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Year : 2004  |  Volume : 36  |  Issue : 5  |  Page : 323--324

Chlorpromazine-induced cataract and corneal pigmentation

K Subashini, VA Rao 
 Department of Ophthalmology, Jawaharlal Institute of Postgraduate Medical Education and Research, Pondicherry - 605 006, India

Correspondence Address:
K Subashini
Department of Ophthalmology, Jawaharlal Institute of Postgraduate Medical Education and Research, Pondicherry - 605 006

How to cite this article:
Subashini K, Rao V A. Chlorpromazine-induced cataract and corneal pigmentation.Indian J Pharmacol 2004;36:323-324

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Subashini K, Rao V A. Chlorpromazine-induced cataract and corneal pigmentation. Indian J Pharmacol [serial online] 2004 [cited 2023 Jun 9 ];36:323-324
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Chlorpromazine (CPZ) is a low-potency neuroleptic used in the treatment of various psychiatric disorders.[1] Chlorpromazine-induced cataract and corneal pigmentation was first described by Greiner & Berry in 1964.[2] The prevalence in patients treated over time with large doses of CPZ therapy, ranges from 15% to 74%. Though other low-potency neuroleptics like thioridazine and fluphenazine have been reported to cause pigmentary changes, characteristic corneal and lenticular pigmentation is predominantly if not exclusively a side-effect of CPZ. We report a case of a 45-year-old female with ocular effects due to long-term CPZ therapy for bipolar disease.

 Case report

A 45-year-old female had been taking treatment for manic-depressive psychosis with chlorpromazine 300 mg per day for 25 years. In addition, she was found to have received lithium 300 mg and haloperidol 5 mg, both twice daily for florid psychotic symptoms. She came with a complaint of hazy vision of 9 months duration. On examination she had a visual acuity of 6/36 in both eyes. Penlight examination revealed a clear cornea with opacity in the center of the lens in both eyes. Slit-lamp examination revealed pigment dusting over the back of the cornea, which was diffuse, granular, and brown in color, most prominent at the level of deep stroma and endothelium. There was a star-shaped anterior polar cataract, which was golden brown in color involving the anterior capsule and subcapsular epithelium, characterizing Grade IV lenticular pigmentation [Figure:1]. The rest of the lens was clear. The distribution was symmetrical in both eyes. Two independent clinicians documented the condition. The pupils were dilated with 1% tropicamide for retinoscopy. A dilatation of only 4 mm could be achieved. Fundus examination by indirect ophthalmoscopy was normal. Systemic examination was normal; apart from a few extrapyramidal symptoms there were no other side-effects of CPZ, including skin discoloration. Investigations including liver function tests and peripheral smear were normal. With subjective correction, the patient's vision improved to 6/9. With the psychiatrist's consultation, CPZ was substituted with trifluoperazine.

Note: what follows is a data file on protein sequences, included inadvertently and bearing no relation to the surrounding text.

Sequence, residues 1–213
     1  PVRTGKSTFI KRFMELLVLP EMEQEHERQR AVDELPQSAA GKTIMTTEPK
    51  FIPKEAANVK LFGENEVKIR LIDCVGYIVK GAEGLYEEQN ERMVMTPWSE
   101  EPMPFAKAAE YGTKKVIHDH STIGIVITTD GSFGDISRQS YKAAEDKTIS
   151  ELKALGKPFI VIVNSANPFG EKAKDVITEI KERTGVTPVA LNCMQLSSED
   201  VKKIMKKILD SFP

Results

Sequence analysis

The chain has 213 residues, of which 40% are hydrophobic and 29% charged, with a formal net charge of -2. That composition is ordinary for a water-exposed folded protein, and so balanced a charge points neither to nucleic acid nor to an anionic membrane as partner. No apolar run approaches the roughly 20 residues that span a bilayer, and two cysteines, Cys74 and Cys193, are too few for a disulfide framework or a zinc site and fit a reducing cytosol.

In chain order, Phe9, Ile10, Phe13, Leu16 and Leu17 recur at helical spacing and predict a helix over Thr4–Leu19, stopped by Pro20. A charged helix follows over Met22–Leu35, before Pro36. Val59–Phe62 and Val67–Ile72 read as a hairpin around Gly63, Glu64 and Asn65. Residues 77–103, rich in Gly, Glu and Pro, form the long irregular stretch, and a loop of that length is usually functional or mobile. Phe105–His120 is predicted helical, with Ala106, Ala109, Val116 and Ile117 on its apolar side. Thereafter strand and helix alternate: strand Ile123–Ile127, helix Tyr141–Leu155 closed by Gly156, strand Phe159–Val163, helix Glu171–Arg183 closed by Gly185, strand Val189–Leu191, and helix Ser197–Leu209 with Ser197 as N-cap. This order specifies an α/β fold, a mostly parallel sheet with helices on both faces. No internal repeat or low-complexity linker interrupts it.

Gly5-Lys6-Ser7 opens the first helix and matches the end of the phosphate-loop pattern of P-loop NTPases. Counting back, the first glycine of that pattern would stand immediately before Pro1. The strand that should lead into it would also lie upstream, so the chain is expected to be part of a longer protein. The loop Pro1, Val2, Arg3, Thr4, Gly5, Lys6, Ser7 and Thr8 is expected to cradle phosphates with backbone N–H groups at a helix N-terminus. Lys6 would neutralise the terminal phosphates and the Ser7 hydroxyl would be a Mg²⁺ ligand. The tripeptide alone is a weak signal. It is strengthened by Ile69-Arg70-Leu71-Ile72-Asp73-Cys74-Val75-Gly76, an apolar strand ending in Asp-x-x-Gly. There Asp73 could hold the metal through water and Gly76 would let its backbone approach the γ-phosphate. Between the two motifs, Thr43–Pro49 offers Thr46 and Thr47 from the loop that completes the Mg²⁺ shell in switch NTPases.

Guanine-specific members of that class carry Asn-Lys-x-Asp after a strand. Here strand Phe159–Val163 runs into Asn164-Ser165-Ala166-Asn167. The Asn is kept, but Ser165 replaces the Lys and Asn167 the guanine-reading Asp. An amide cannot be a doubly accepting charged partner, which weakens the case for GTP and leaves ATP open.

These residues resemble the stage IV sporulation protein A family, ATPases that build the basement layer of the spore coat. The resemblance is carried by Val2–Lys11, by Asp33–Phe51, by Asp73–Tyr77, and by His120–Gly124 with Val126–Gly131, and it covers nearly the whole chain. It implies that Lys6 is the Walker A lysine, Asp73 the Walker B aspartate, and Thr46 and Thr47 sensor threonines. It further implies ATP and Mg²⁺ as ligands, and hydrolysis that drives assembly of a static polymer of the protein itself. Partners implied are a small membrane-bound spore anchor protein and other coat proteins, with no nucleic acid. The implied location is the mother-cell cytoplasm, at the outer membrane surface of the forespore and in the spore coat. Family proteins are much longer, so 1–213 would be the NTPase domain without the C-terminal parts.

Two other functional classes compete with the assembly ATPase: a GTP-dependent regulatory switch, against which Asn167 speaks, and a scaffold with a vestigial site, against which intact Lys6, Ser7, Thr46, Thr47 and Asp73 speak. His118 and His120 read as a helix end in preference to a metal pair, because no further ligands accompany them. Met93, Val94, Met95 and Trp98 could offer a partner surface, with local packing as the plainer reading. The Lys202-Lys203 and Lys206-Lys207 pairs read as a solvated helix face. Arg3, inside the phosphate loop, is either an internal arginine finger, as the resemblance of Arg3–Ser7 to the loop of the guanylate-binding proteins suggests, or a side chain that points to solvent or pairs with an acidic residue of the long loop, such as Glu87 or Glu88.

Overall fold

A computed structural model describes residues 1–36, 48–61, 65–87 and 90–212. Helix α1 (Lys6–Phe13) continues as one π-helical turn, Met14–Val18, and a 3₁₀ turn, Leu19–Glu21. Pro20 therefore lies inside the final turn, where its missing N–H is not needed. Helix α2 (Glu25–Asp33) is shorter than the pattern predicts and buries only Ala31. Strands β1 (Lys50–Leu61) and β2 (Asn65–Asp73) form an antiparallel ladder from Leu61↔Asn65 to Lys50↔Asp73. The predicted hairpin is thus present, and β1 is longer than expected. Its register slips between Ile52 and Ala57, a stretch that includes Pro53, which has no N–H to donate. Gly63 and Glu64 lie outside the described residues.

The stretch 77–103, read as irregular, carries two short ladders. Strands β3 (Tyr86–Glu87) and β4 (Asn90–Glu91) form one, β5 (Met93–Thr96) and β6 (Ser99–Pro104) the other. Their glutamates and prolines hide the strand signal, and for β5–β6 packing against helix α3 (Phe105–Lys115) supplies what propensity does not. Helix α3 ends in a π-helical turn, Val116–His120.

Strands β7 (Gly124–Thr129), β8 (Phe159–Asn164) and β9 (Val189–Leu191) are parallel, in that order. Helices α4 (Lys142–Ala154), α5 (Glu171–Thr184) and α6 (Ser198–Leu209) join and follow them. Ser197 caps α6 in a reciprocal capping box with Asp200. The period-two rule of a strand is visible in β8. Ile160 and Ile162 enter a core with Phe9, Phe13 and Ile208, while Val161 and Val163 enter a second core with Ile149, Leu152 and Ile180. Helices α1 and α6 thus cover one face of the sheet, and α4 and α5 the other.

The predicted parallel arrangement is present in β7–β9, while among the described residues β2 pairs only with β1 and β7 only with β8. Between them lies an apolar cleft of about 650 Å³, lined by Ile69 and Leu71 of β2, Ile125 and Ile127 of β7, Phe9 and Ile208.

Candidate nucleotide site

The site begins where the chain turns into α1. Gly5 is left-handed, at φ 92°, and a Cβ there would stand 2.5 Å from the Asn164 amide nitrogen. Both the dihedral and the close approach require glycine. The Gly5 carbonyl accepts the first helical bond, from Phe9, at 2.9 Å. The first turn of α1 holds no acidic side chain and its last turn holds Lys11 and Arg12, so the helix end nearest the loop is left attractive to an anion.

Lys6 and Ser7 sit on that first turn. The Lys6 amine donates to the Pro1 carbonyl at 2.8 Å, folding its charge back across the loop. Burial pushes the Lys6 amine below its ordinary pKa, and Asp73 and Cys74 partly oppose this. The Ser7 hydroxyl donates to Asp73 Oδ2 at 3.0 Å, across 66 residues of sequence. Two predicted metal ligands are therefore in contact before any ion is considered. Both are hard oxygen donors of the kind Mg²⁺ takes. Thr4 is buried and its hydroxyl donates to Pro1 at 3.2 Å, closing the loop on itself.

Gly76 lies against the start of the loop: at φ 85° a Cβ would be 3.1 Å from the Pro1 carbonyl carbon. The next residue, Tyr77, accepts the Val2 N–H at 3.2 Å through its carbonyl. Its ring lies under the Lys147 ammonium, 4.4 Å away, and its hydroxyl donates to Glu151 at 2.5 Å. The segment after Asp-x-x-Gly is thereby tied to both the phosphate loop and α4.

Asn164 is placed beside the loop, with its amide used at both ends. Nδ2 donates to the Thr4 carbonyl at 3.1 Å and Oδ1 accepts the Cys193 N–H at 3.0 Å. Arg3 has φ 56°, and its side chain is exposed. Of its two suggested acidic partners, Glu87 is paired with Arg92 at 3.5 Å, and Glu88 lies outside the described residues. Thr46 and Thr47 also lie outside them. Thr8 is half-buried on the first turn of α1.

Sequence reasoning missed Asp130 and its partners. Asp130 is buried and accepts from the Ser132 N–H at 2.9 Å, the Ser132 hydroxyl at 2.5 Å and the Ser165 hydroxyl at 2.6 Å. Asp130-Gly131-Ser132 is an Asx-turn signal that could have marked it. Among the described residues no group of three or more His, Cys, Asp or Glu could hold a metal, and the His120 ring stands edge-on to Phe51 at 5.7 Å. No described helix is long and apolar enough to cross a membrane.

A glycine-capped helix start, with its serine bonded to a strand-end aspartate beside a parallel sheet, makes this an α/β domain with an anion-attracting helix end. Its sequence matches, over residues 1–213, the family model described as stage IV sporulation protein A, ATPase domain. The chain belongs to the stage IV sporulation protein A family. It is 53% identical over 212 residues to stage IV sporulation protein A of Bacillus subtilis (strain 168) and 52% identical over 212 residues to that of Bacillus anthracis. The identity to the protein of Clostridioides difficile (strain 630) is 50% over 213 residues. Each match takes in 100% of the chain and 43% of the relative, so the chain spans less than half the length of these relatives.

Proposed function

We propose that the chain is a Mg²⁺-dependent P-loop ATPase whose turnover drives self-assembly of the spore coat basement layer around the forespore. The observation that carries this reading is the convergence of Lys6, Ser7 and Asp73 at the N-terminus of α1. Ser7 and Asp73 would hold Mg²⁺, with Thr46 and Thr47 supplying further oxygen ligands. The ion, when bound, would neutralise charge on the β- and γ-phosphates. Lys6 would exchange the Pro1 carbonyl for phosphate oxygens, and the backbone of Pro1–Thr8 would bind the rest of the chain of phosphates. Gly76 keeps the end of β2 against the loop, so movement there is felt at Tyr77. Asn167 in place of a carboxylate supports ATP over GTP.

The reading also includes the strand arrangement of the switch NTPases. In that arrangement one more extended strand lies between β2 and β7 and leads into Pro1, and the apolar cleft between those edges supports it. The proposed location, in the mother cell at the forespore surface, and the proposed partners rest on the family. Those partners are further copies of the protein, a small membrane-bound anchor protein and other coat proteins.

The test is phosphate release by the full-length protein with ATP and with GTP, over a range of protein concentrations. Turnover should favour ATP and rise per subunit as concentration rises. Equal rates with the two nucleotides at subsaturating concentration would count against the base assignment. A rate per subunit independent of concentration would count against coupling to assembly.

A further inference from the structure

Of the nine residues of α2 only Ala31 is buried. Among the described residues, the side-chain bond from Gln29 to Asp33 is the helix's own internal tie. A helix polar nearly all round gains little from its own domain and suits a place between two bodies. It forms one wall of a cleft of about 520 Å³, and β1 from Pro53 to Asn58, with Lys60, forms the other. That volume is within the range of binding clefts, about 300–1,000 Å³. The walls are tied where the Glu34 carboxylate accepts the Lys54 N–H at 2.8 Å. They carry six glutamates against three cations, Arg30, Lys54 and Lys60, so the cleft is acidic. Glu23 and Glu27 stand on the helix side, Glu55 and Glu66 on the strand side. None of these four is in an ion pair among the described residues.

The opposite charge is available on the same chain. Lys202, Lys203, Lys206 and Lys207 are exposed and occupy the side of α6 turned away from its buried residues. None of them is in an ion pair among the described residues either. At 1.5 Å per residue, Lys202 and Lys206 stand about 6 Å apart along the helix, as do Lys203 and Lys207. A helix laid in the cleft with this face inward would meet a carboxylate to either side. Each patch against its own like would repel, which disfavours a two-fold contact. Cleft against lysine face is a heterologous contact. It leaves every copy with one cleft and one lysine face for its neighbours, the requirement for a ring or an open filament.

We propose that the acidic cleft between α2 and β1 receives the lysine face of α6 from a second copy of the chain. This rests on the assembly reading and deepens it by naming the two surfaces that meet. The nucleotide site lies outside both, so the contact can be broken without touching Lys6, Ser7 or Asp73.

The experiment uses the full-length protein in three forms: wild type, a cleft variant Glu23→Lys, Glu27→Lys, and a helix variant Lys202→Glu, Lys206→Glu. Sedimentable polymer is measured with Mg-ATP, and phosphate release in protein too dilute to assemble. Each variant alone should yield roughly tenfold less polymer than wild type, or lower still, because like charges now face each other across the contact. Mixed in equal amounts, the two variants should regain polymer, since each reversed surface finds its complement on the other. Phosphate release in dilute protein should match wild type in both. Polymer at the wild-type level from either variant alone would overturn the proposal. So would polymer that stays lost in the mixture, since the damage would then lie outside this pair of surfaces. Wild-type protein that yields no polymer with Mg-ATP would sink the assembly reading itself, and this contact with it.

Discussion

Chlorpromazine is an aliphatic phenothiazine used in all types of psychosis, especially schizophrenia. The adverse effects include drowsiness, lethargy, postural hypotension, anticholinergic side-effects, infertility and extrapyramidal symptoms, which are dose-related. The hypersensitivity reactions are cholestatic jaundice, skin rashes, photosensitivity and agranulocytosis. Blue pigmentation of exposed skin, corneal and lenticular opacities and retinal degeneration occur rarely after long-term use of high doses of phenothiazines. The most prevalent ocular side-effect associated with CPZ therapy is anterior capsular and subcapsular lens pigmentation, followed by corneal endothelial pigmentary changes. Alexander and associates found 67% of a group of patients to have the former, while 45% exhibited the latter.[1] However, both conditions rarely reduce visual acuity, and patients may occasionally report glare and halos around lights. Thaler and associates described lenticular pigmentation as occurring in 5 stages.[3] They range from isolated, brownish, dust-like specks in the anterior surface of the lens to stellate cataracts that can impair visual acuity. The stellate pattern, which characterizes Grade IV lenticular changes, has a dense central area with radiating branches as seen in our patient. The lens changes at this stage can be recognized with a penlight, and diagnosis does not necessarily require slit-lamp examination.

Corneal pigmentary changes almost invariably occur in patients who have concomitant lens opacities in the higher grades.[3] The pigmentation is white, yellow-white, brown, or black and occurs at the level of the endothelium and Descemet's membrane, primarily in the interpalpebral area and may also occur in the epithelial layer. There is often little or no corneal involvement with lens opacities Grades I and II, but Grades III and higher have detectable corneal pigmentation ranging from light to heavy. In severe cases it can affect the deep stroma.